Validation of the Norwegian version of the Social Functioning Scale (SFS) for schizophrenia and bipolar disorder
Article first published online: 19 JUL 2010
© 2010 The Authors. Scandinavian Journal of Psychology © 2010 The Scandinavian Psychological Associations
Scandinavian Journal of Psychology
Volume 51, Issue 6, pages 525–533, December 2010
How to Cite
HELLVIN, T., SUNDET, K., VASKINN, A., SIMONSEN, C., UELAND, T., ANDREASSEN, O. A. and MELLE, I. (2010), Validation of the Norwegian version of the Social Functioning Scale (SFS) for schizophrenia and bipolar disorder. Scandinavian Journal of Psychology, 51: 525–533. doi: 10.1111/j.1467-9450.2010.00839.x
- Issue published online: 24 NOV 2010
- Article first published online: 19 JUL 2010
- Received 27 January 2010, accepted 3 May 2010
- Social functioning;
- Social Functioning Scale;
- bipolar disorder;
Hellvin, T., Sundet, K.,Vaskinn, A., Simonsen, C.,Ueland, T., Andreassen, O.A. & Melle, I. (2010). Validation of the Norwegian version of the Social Functioning Scale (SFS) for schizophrenia and bipolar disorder. Scandinavian Journal of Psychology 51, 525–533.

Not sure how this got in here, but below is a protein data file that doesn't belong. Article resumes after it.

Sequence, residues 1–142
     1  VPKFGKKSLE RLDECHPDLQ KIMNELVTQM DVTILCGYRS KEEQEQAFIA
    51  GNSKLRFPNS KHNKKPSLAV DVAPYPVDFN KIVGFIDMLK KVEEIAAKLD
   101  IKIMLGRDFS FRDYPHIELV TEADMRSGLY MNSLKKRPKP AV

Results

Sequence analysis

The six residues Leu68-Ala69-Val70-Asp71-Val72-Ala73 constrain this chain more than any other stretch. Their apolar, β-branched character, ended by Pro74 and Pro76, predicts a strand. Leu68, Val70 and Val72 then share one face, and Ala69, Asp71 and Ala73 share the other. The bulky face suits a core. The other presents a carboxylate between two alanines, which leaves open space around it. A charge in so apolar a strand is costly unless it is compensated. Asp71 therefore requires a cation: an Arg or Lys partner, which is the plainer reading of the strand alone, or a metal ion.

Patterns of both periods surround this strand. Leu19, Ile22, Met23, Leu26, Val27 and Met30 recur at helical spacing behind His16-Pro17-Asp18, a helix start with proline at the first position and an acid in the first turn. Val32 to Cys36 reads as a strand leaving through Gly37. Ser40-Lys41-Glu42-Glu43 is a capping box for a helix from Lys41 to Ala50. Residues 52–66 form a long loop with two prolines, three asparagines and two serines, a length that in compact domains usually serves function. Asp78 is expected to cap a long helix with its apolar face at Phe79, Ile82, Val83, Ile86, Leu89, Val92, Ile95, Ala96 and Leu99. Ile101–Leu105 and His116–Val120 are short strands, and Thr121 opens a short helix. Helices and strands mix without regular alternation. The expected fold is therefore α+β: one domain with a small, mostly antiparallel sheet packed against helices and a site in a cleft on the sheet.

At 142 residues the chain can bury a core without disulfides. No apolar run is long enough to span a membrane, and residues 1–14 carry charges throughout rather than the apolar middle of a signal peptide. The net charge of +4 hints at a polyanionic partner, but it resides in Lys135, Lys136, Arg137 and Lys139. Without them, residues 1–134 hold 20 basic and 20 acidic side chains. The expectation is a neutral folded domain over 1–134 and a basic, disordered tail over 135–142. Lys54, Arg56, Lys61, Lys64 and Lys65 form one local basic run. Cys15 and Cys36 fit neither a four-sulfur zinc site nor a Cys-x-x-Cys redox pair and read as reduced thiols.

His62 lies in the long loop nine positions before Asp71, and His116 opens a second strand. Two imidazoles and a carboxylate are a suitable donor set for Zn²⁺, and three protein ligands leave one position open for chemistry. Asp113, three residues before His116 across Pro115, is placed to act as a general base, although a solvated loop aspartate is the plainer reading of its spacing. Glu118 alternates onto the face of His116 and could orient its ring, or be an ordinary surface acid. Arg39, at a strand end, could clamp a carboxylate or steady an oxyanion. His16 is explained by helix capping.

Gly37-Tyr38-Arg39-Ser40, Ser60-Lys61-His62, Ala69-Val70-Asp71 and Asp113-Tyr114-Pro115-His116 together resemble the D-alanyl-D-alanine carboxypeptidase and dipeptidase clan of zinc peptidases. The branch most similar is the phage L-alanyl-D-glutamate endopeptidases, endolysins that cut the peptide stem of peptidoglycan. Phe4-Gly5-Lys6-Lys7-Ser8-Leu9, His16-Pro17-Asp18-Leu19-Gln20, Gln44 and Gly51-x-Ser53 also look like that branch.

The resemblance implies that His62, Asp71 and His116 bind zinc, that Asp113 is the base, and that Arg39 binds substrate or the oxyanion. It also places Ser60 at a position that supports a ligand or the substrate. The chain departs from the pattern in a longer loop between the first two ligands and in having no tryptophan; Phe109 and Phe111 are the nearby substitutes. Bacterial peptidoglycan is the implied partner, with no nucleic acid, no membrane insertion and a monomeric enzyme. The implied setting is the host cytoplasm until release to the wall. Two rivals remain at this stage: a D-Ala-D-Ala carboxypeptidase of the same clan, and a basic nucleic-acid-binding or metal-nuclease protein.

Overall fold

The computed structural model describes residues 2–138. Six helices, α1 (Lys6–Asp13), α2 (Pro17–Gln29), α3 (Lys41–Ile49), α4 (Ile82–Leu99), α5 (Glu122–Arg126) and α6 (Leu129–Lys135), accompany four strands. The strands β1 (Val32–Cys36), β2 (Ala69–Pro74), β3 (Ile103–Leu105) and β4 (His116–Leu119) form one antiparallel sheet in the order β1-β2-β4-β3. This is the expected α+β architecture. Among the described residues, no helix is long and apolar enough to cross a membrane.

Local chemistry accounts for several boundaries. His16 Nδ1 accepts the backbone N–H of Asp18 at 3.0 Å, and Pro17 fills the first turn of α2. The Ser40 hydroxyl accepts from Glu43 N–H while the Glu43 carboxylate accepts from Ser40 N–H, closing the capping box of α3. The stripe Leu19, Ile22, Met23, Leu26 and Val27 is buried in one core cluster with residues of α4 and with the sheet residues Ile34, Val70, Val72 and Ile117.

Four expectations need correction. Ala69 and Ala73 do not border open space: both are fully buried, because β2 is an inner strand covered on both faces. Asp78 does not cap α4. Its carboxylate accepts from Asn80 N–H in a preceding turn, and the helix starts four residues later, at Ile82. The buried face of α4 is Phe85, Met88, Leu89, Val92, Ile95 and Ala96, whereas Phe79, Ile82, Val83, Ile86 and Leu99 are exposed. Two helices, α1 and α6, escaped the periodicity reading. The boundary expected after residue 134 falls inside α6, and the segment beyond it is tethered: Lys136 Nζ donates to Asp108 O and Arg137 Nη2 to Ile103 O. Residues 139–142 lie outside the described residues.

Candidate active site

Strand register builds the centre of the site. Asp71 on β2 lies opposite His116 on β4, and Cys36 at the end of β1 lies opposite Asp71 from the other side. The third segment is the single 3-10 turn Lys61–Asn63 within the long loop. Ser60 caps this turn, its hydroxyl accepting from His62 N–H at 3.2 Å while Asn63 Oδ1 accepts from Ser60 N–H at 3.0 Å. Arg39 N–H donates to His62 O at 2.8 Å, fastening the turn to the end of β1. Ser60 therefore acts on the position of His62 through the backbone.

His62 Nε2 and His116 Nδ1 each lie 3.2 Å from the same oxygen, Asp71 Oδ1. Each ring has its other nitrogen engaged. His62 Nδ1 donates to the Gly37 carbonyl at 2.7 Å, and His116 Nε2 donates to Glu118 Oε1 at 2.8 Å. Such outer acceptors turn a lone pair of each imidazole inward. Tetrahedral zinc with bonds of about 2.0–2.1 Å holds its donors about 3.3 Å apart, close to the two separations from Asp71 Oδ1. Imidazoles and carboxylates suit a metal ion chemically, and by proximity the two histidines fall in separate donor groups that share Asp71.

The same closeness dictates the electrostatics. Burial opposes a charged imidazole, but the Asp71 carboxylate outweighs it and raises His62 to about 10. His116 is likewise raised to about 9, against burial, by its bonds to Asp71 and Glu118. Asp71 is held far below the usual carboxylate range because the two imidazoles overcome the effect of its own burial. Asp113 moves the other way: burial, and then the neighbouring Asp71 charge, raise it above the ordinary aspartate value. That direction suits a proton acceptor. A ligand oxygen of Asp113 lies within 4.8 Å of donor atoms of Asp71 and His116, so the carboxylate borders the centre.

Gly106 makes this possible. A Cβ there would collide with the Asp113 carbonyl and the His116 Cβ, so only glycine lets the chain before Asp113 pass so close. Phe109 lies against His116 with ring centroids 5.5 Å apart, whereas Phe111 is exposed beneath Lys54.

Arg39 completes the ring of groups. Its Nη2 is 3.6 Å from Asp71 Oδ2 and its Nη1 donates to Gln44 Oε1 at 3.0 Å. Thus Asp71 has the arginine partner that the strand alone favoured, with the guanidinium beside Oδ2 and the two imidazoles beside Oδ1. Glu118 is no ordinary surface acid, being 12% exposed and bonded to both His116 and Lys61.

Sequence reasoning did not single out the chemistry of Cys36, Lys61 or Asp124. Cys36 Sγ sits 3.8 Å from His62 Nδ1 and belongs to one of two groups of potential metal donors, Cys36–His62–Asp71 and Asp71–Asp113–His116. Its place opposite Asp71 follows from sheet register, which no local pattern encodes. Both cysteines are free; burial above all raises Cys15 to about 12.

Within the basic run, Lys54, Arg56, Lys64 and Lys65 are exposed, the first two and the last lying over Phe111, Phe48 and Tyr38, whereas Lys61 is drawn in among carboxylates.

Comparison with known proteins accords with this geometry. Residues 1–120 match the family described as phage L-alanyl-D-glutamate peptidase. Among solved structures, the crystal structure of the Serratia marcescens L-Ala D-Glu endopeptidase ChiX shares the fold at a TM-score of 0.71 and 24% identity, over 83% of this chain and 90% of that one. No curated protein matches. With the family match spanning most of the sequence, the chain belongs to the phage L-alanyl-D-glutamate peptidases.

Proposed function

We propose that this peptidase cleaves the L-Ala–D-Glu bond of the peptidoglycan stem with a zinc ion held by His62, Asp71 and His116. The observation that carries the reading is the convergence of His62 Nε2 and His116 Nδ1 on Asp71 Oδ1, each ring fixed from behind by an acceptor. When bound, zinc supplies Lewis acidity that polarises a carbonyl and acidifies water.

Studies of social functioning in severe mental disorders are disadvantaged by the multitude of different assessment instruments in use. The present study aims to establish reliability and validity of the Norwegian version of the Social Functioning Scale (SFS) and to examine social functioning in bipolar disorder (BD) compared to schizophrenia (SZ) and healthy controls (HC). SFS, a 76 item questionnaire divided into seven subscales measuring various aspects of daily life functioning, was administered to samples diagnosed with BD (n = 100) or SZ (n = 100) and to HC (n = 100), recruited from the ongoing Tematic Organized Psychosis (TOP) study. Reliability analyses prove adequate psychometric properties both for the composite full scale score (α: 0.81) as well as for the seven subscale scores (α: 0.60–0.88). Principal component analysis of the subscales confirms a one-component structure, explaining 59% of the variance. Although significantly correlated with the Global Assessment of Functioning, our results indicate that the SFS measures different aspects of social functioning, is less influenced by demographic and clinical characteristics, but differentiates at the same time significantly BD from SZ. Thus, SFS adds valuable information as a supplement to standard clinician-rated assessment tools of social functioning, suited both for research and clinical work.